Predicate<T> condition) {
        return retryUntilCondition(request, condition, defaultRetry);

    public final T retryUntilCondition(Callable<T> request,
            Predicate<T> condition, ConditionFactory retry) {
        return retry.until(request, (response) -> {
            boolean conditionMet = condition.test(response);
            log.info("Condition met: {}, Value: {}", conditionMet, response);
            return conditionMet;


public class SlingHttpResponseHelper extends ResiliencyHelper<SlingHttpResponse> {

    public SlingHttpResponseHelper() {
        super(ClientException.class, IOException.class);

    public SlingHttpResponseHelper(Duration defaultInitial, long defaultMultiplier, Duration defaultTimeout,
            Class<?>... defaultRetryOn) {
        super(defaultInitial, defaultMultiplier, defaultTimeout, defaultRetryOn);

    public final SlingHttpResponse retryUntilStatus(Callable<SlingHttpResponse> request,
            int... expected) {
        return retryUntilCondition(request,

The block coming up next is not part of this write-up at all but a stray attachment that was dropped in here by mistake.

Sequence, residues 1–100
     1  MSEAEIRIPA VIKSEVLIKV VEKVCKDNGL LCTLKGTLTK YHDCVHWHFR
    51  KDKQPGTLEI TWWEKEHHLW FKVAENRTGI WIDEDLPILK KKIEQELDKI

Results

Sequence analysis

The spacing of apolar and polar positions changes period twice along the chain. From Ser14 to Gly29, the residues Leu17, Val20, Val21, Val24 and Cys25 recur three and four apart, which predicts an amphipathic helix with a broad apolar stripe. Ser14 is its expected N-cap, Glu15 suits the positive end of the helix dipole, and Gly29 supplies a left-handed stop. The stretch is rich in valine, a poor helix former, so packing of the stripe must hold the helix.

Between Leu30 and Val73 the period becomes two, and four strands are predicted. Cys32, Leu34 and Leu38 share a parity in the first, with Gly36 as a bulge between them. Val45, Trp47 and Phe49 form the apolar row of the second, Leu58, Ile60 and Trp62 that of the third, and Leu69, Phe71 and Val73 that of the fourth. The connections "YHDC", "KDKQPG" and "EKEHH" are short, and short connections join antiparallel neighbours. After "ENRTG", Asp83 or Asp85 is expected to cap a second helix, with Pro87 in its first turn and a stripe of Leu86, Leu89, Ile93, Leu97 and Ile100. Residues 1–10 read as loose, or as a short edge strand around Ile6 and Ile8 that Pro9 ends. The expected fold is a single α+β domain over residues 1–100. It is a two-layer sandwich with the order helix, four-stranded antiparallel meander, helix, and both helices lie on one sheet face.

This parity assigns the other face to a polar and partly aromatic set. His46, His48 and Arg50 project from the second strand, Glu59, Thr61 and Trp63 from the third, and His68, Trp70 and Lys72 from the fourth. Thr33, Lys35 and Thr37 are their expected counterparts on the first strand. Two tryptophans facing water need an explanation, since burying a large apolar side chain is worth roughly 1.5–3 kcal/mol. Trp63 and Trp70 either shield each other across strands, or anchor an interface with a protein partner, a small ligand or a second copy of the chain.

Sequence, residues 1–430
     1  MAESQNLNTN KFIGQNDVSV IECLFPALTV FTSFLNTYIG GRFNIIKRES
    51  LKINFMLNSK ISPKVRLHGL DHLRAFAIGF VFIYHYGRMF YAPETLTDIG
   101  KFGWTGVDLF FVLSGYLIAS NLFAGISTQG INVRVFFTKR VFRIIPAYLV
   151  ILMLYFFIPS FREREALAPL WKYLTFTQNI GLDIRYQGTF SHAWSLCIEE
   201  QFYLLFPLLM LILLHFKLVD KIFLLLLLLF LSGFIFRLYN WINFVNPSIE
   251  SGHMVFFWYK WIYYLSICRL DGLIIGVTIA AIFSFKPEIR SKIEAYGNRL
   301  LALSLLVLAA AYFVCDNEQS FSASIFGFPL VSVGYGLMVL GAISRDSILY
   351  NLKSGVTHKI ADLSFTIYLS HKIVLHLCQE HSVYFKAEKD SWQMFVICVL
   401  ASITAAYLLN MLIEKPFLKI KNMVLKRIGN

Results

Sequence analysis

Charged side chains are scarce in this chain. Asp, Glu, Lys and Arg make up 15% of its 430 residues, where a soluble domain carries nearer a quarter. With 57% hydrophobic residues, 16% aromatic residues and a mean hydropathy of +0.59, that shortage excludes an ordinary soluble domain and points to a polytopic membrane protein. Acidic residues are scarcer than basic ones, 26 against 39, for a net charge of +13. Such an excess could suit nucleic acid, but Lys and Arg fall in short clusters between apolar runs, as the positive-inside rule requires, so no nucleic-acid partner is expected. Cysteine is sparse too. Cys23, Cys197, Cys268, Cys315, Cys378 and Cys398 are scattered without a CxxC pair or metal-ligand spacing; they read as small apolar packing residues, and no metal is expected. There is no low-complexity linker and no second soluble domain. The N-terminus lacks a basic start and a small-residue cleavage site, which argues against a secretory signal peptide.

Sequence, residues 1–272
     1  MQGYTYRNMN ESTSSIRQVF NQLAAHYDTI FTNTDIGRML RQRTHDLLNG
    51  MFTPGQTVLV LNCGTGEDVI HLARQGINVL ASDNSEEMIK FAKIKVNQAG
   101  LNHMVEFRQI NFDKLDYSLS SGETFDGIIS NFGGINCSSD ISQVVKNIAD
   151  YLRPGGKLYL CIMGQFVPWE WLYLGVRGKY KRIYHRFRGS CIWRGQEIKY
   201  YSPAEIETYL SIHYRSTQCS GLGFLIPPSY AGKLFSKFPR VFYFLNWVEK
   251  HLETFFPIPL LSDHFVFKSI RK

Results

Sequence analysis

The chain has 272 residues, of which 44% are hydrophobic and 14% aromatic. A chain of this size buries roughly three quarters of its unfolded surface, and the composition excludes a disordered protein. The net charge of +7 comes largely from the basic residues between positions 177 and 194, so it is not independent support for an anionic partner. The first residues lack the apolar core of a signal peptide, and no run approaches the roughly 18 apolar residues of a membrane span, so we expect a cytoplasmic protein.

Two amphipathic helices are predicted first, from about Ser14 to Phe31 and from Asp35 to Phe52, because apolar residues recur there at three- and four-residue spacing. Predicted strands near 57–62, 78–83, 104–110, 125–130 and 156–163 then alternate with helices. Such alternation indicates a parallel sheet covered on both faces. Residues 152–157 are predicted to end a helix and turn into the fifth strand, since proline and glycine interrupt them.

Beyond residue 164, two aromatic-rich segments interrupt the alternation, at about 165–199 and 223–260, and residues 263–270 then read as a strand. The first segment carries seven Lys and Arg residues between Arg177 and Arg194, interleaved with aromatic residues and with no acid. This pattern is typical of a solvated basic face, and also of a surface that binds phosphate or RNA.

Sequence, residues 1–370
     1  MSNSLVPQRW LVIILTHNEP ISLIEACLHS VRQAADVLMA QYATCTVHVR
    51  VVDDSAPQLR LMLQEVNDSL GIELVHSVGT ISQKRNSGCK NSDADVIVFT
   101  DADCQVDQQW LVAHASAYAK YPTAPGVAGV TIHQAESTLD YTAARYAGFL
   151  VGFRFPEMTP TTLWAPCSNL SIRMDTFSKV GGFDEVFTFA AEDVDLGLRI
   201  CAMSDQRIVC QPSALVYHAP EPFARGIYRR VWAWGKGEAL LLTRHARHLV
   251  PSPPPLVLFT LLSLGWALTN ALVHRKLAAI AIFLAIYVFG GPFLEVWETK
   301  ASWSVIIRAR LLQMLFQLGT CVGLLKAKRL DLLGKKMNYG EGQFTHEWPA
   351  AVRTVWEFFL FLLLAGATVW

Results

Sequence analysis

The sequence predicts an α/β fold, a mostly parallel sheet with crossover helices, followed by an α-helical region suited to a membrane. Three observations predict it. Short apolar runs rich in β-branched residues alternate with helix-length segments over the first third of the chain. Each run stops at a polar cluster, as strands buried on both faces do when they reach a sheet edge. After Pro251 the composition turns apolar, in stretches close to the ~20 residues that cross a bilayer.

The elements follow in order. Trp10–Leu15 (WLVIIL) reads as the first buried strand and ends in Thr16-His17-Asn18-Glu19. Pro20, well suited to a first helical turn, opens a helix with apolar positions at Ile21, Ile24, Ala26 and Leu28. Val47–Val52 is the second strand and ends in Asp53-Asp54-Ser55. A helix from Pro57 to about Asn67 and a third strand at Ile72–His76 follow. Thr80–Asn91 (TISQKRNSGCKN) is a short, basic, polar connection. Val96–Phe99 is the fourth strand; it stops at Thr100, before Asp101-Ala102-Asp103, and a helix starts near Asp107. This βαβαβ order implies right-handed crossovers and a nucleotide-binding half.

resp -> Arrays.stream(expected).anyMatch(ex -> ex == resp.getSlingStatusAsInt()));

    public final SlingHttpResponse retryUntilContains(Callable<SlingHttpResponse> request,
            String expected) {
        return retryUntilCondition(request, resp -> resp.getContent().contains(expected));

    public final SlingHttpResponse retryUntilMatches(Callable<SlingHttpResponse> request,
            String expectedBodySubStr, int... expectedStatus) {
        return retryUntilCondition(request,
                resp -> Arrays.stream(expectedStatus).anyMatch(ex -> ex == resp.getSlingStatusAsInt())
                        && resp.getContent().contains(expectedBodySubStr));

Which you can then use to ensure state and then assert the expected value, for example the following ensures that your test will only receive the cardResponse when myRequest returns a 200 status:

SlingHttpResponse cardResponse = resiliencyHelper
                .retryUntilContains(() -> authorAdmin.doGet(myRequest Collections.emptyList(), true, 200), folderPath);
        assertTrue("View did not contain title", cardResponse.getContent().contains(folderTitle));

Hopefully these help you build better tests for your AEM as a Cloud Service application. Have any other tips? Leave a